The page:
Paste files from the clipboard in C#

[paste files]

It’s a bit harder to paste files from the clipboard than it is to paste text. Copying and pasting text is relatively straightforward. See Copy and paste text to and from the clipboard C#.

When you copy files to the clipboard, the data copied is actually an array of strings holding the names of the files. This example shows how you can paste those files from the clipboard.

At design time, I set the form’s KeyPreview property to true so the form receives keyboard events before its controls do. The following KeyDown event handler looks for Ctrl+V events and pastes files.

// Handle paste events.
private void Form1_KeyDown(object sender, KeyEventArgs e)
    // Look for Ctrl+V.
    if (e.Control && (e.KeyCode == Keys.V))
        // Paste.
        // Clear the ListBox.

        // Get the DataObject.
        IDataObject data_object = Clipboard.GetDataObject();

        // Look for a file drop.
        if (data_object.GetDataPresent(DataFormats.FileDrop))
            string[] files = (string[])
            foreach (string file_name in files)
                string name = file_name;
                if (System.IO.Directory.Exists(file_name))
                    name = "[" + name + "]";

The code looks for a control key together with the V key. If it finds that, then it clears the form’s ListBox. It then gets the Clipboard object’s data object and uses that object’s GetDataPresent method to see if a file drop is present.

If there is a FileDrop present, the program uses the GetData method to get the data. The result is a generic object, so the code casts it into an array of strings.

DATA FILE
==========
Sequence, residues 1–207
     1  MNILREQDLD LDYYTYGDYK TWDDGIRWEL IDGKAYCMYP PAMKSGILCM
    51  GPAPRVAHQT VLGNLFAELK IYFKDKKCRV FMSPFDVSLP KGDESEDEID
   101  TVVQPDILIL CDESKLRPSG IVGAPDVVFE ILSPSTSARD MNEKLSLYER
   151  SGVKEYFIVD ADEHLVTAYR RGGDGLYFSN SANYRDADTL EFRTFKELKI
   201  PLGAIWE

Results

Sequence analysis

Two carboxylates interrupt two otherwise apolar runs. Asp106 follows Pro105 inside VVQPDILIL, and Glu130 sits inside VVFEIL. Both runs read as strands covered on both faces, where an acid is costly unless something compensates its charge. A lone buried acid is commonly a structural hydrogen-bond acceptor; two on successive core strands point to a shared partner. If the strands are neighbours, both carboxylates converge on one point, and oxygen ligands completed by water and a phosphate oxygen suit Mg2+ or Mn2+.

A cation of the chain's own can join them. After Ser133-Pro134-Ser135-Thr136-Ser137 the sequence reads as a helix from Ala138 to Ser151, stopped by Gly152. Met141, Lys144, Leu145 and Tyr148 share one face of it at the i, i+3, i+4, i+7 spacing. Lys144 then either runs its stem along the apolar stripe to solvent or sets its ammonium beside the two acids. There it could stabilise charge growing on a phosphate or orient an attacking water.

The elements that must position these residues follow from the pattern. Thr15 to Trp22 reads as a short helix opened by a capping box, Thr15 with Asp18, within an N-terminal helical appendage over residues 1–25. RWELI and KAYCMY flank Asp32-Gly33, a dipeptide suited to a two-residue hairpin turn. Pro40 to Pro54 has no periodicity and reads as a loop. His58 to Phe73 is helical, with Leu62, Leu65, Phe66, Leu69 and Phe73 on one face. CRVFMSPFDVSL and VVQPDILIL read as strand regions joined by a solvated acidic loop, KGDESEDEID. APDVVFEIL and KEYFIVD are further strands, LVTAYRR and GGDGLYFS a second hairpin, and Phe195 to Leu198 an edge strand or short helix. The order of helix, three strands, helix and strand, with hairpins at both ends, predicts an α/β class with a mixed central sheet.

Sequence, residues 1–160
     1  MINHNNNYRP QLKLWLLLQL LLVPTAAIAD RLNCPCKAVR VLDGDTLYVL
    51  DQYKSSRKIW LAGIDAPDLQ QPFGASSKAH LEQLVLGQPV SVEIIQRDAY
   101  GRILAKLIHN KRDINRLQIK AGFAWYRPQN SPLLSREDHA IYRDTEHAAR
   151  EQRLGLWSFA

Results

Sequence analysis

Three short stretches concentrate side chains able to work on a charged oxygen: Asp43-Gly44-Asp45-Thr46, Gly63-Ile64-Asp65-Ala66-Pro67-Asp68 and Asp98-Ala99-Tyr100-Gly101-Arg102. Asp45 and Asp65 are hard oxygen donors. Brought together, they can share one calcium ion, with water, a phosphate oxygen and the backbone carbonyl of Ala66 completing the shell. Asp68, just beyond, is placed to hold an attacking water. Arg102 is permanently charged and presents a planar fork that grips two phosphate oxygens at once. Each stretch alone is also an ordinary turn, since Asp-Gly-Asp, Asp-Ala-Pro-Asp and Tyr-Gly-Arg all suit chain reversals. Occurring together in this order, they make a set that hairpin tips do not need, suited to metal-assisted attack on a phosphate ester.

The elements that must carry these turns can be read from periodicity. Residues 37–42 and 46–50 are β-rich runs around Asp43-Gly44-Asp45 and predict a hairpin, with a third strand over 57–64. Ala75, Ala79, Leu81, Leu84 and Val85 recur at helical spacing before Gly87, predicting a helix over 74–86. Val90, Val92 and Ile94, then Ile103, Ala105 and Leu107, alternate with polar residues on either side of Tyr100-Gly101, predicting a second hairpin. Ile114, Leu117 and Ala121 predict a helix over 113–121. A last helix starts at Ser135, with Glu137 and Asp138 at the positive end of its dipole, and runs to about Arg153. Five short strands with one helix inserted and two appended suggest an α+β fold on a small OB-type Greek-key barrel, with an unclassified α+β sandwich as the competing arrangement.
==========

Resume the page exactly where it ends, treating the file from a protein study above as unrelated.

Finally, the method loops through the array of file names, displaying them in the form’s ListBox.

If you look closely at the picture, you’ll see that the project’s bin, obj, and Properties subdirectories are included in the list. There’s no indication in the clipboard’s data that some of the “files” in the file drop are actually directories. You just get a list of names.

The program uses the System.IO.Directory.Exists method to test each file to see if it is actually a directory. If a file is a directory, the program adds [ brackets ] around its name before adding it to the ListBox.

In an actual program, you’ll need to decide what to do with the files that are pasted into your application. For example, you might copy them into a backup directory, display their text in a TextBox, or update their last modification times.

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